Assume that $G$ is a finite group such that for any positive integer $n$ dividing $|G|$, $G$ has one and only one subgroup $H$ with $|H|=n$. Is $G$ cyclic?

  • 1
    $\begingroup$ The order of an element of $g$ is a divisor of $|G|$. Try to count the number of elements of order $n$ for each divisor $n$ of $|G|$. $\endgroup$ – fkraiem Feb 17 '14 at 6:49

Recall that $$\sum_{d \mid n} \phi(d) = n$$ where $\phi(\cdot) $ is the Euler totient function.

With your hypotheses, for every $d \mid n $ there are exactley $\phi(d) $ elements in $G$ of order $d$, i.e. the generators of the unique subgroup of order $d$.

So by the formula above there are also $\phi(n) $ elements of order $n \ $, i.e. the group is cyclic.


Here is an alternative to the approach of WLOG (it uses some a bit more advanced group theoretic methods, but it uses a bit less number theoretic stuff. The proof by WLOG is definitely more neat, I just write this here to demonstrate a more group-theoretic proof):

Let $p$ be the smallest prime divisor of $|G|$ and write $|G| = p^mk$ with $\operatorname{gcd}(p,k) = 1$ (we can assume $G$ is not a $p$-group). Let $H\leq G$ with $|H| = p^m$. The assumption now implies that $H$ is normal, and the property described is inherited by the quotient $G/H$ which is thus cyclic by induction. Since the property is also inherited by $H$, $H$ is cyclic.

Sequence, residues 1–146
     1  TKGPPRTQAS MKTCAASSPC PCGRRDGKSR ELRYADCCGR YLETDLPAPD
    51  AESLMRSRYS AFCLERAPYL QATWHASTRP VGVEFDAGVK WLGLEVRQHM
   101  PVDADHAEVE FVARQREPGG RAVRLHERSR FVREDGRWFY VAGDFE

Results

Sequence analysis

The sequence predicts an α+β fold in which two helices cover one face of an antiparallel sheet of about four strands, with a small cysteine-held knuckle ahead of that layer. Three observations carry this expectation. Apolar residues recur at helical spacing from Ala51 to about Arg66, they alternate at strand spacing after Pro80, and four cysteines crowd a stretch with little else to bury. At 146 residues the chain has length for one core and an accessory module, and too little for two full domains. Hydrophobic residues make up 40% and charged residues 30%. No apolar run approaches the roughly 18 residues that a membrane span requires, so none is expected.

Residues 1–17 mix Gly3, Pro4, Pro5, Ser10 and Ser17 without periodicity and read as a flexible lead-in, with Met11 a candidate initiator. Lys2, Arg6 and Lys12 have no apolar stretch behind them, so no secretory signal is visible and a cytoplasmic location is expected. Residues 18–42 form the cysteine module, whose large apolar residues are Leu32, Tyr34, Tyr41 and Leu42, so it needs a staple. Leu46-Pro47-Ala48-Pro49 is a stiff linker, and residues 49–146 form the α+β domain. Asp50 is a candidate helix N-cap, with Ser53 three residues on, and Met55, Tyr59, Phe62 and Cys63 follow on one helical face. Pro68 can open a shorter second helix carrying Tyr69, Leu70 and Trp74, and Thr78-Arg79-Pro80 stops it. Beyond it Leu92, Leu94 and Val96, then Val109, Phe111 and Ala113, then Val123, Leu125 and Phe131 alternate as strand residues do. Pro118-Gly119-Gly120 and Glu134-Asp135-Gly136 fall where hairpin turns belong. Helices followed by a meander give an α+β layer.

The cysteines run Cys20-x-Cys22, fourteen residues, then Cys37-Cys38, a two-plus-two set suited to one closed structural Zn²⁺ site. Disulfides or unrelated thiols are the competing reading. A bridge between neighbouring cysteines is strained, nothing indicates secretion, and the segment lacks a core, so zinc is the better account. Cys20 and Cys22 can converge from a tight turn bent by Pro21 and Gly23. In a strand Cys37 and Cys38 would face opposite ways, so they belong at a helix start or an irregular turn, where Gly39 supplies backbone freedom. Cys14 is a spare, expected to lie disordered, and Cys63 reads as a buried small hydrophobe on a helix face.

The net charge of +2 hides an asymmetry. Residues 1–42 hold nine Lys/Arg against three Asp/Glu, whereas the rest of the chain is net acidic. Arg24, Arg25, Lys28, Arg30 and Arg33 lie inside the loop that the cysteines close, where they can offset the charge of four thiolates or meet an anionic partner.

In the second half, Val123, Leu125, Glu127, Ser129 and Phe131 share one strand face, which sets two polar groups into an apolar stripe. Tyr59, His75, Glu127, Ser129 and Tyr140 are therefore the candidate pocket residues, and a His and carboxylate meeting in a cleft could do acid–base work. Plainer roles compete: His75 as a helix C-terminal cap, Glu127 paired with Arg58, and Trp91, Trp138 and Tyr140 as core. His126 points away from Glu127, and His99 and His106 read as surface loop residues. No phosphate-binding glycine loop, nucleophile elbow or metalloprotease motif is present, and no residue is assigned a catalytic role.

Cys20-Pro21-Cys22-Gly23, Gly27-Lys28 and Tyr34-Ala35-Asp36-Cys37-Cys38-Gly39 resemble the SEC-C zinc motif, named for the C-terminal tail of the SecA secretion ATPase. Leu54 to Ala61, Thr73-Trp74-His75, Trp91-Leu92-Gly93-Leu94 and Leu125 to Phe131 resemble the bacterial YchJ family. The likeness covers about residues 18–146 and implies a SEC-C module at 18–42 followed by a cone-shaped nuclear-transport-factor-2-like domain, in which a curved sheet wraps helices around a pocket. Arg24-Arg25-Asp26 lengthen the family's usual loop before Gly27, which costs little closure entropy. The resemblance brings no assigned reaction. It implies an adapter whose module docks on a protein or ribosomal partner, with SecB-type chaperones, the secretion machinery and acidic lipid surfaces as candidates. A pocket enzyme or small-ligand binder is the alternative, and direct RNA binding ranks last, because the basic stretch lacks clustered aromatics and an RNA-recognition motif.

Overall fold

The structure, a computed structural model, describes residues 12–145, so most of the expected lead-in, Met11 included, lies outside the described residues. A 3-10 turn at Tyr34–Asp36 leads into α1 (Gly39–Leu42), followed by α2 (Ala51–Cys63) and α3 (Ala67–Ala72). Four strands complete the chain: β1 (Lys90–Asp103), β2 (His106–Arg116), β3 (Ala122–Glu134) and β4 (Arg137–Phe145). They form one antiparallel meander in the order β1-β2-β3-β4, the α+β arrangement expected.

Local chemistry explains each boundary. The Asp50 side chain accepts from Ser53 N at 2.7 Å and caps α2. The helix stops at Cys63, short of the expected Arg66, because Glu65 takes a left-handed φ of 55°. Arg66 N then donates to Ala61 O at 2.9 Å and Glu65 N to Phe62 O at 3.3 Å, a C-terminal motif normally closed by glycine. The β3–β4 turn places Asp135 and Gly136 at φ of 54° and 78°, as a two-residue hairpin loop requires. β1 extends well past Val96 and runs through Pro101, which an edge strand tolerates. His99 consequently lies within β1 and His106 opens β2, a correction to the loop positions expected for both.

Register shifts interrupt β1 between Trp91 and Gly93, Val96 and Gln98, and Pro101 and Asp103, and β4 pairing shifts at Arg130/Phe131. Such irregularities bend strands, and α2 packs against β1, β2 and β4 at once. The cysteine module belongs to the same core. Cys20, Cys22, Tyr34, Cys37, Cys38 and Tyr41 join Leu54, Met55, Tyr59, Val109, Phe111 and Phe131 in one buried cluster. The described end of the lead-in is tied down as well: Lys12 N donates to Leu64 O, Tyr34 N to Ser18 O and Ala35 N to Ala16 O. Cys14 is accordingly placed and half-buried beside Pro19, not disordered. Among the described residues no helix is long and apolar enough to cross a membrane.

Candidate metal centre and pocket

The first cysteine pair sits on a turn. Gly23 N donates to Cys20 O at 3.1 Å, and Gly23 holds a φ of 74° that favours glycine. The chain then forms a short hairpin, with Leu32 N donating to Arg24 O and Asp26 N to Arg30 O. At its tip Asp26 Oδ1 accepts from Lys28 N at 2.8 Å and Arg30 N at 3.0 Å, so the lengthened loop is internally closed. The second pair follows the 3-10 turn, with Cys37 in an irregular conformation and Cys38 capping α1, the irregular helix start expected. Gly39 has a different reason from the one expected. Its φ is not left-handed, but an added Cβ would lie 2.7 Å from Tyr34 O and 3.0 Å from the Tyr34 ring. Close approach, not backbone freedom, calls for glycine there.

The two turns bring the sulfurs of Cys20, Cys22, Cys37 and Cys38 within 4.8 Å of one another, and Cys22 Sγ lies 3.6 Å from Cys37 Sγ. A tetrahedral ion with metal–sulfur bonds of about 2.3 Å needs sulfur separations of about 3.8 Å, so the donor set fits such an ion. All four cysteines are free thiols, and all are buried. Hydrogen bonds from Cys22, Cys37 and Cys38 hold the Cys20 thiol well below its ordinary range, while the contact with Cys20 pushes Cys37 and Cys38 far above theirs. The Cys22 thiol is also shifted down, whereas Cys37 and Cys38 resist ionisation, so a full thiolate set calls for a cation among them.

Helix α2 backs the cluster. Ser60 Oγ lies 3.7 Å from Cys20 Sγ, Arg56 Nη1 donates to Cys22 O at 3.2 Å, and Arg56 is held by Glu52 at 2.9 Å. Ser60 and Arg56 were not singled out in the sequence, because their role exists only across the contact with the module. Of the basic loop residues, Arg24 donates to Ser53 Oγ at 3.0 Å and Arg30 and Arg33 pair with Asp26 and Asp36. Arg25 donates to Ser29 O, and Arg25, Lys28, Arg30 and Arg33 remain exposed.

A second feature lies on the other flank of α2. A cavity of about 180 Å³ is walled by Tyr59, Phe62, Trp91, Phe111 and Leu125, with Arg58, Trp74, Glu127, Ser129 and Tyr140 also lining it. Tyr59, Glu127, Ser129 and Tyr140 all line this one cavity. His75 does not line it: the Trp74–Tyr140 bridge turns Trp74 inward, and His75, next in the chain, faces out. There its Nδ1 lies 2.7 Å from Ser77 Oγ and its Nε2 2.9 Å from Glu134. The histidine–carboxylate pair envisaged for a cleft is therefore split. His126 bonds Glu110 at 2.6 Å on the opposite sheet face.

By the N/C theorem, we now get that $H$ is actually central in $G$, and since the quotient $G/H$ is cyclic, we must have that $G$ is abelian. But then we see that in fact, $G \cong H\times G/H$ and since these two factors are cyclic of coprime orders, we get that $G$ is cyclic.


Your Answer

By clicking “Post Your Answer”, you agree to our terms of service, privacy policy and cookie policy

Not the answer you're looking for? Browse other questions tagged or ask your own question.